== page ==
2007 Pro-Democracy Uprising in
The nation of Myanmar (called Burma until the military
government changed the name to Myanmar in 1989), has been
in a state of civil war since shortly after independence
from Britain in 1948. Most of the historical fighting has
involved ethnic rebellions and communist uprisings in the
countryside, but in 1988, a pro-democracy movement
challenged the military dictatorship and was crushed
violently by the army. This is now called the "Four
Eights" or 8888 Uprising. In late 2007, a new, so-far
peaceful anti-government uprising led by Buddhist monks
has been met with violence from government security
forces. The military junta which rules Myanmar/Burma
calls itself the State Peace and Development Council
(SPDC). The commanders of the service branches and of the
regional military commands make up the Council.
It should be noted that the current involvement of the
Buddhist monks in the 2007 protests harkens back to the
long-running resistance to the British conquest and
occupation of Burma in the 19th and 20th Centuries. Many
of the protests against British rule were led by Buddhist
monks, so the current monk-led protests are part of a
tradition of Burmese/Myanmar popular action to unpopular
and repressive regimes.
The current protests have their immediate genesis in a
governement-mandated rise in gasoline prices, which hit
the average citizen hard. The price increases made daily
life for the population more difficult, with the cost of
public transportation increasing, and a subsequent rise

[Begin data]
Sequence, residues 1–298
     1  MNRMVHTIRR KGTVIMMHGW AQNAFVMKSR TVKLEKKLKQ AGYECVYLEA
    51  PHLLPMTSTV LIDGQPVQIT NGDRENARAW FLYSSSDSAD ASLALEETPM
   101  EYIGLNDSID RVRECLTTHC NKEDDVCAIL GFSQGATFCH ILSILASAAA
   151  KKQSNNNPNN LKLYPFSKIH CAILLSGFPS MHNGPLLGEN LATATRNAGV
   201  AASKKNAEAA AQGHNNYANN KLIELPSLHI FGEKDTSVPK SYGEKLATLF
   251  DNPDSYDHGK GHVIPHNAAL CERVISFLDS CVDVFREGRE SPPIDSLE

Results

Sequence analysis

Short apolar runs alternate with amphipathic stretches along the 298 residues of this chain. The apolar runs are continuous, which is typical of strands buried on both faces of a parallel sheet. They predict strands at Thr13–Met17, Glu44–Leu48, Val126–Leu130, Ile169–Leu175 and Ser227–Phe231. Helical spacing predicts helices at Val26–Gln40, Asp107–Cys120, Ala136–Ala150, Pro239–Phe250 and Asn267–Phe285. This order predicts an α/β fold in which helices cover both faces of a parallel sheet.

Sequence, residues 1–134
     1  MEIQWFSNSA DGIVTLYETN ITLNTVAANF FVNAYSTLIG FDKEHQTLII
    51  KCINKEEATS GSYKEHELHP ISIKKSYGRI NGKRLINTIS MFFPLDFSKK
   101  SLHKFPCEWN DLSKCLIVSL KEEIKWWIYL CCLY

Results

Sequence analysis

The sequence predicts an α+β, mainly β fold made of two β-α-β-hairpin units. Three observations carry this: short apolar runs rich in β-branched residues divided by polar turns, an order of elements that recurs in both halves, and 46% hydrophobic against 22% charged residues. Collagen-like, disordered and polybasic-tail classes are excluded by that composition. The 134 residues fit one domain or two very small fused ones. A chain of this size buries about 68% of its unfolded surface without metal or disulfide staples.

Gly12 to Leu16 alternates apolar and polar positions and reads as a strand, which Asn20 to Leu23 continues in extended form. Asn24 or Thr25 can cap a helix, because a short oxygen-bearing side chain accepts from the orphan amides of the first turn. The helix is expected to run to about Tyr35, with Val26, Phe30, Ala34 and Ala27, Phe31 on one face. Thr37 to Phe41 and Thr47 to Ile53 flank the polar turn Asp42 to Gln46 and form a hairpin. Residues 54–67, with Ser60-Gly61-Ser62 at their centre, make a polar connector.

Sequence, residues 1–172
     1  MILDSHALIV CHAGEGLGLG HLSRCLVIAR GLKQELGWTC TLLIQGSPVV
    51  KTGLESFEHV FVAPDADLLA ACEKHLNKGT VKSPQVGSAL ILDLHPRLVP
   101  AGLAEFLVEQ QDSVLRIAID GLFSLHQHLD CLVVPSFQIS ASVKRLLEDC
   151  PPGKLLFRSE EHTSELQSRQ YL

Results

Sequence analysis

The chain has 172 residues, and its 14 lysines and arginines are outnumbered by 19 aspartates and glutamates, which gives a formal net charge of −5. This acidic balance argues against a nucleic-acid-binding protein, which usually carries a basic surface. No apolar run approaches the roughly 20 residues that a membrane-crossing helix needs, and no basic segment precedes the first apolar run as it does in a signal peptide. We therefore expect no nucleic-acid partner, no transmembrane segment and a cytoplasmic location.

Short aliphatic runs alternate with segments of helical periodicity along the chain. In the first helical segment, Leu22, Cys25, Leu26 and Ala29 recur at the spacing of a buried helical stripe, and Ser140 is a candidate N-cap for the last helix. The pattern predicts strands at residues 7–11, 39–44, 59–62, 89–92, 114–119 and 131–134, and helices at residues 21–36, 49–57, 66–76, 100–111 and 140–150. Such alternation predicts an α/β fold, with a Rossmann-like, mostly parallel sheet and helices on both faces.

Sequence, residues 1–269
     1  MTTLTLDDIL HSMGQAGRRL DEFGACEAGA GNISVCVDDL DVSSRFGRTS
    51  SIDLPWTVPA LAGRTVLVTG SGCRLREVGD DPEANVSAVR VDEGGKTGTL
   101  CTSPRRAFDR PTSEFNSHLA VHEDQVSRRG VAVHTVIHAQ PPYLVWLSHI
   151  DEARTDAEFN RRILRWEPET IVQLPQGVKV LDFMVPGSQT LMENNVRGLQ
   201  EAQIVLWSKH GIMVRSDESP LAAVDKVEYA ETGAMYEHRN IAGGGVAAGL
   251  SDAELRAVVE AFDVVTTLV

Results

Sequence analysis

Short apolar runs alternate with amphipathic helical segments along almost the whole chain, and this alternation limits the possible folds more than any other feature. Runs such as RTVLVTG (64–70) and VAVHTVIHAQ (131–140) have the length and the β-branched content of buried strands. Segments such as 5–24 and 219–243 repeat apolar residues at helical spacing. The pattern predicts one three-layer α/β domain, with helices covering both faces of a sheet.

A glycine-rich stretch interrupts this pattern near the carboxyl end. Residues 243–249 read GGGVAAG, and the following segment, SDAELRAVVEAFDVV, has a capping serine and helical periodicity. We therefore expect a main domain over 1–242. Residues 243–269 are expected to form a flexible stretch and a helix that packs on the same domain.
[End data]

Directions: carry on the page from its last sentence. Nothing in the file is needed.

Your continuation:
in the prices of necessities such as rice and cooking
oil. It should also be noted that these price increases
came a few months after a video of the opulent wedding
ceremony for the daughter of one of the military
dictators became public. Most Burmese are very poor, and
the extravagance of the leader's family wedding grated on
On August 19, 2007, about 400 people marched in
protest. The police arrested dozens, but protests
continued in several cities. Keep in mind that the last
major public protests, in 1988, resulted in the military
crushing the protests, with nearly 3,000 dead and
thousands more arrested or driven into exile.
Buddhist monks, respected and honored in this Buddhist
country, became involved in the protests after police
injured several people while breaking up a rally in the
city of Pakokku on September 5.
More protests broke out, with thousands marching in
Rangoon on September 24.
Protests on September 28 were broken up by the
authorities, with soldiers shooting into crowds, killing
at least nine, and perhaps more, according to
The government also cut off the country's internet
connections, making it difficult, though not impossible,
for citizens to send pictures and video of the violence
to the world.
What is China's
Myanmar's only true ally is its northern neighbor,
China, which is also a dictatorship with a history of
crushing peaceful pro-democracy movements. Officially,
China is urging calm, but it is believed that the Chinese
government is privately urging the Myanmar government to
stop the protests.
Aug. 15--Government raises fuel prices
Aug. 19--Several hundred protesters rally in Yangon
Aug. 21--Thirteen members of a pro-democracy group,
the "88 Generation Students," are arrested
Sept. 5--Shots fired at monk's protest in Pakokku.
Several people injured
Sept. 6--Buddhist monks hold 20 government officials
hostage and demand an apology for the incident on Sept.
Sept. 22--10,000 monks protest in the city of
Mandalay, and opposition leader (and Nobel Peace Prize
winner), Aung San Suu Kyi meets and greets the monks in
Sept. 24--Huge rally led by the monks draws 100,000
people to protest the government
Sept. 25--The military junta imposes a curfew and bans
Sept. 26--Police and troops use tear gas, fire shots,
beat and arrest several monks. Several Buddhist
monasteries are raided by government forces.
Sept. 27--Troops shoot into crowds of protesters,
killing at least nine.
Sept. 28--Troops beat more protesters, swiftly breoke
up street gatherings, occupied influential Buddhist
monasteries and cut public Internet access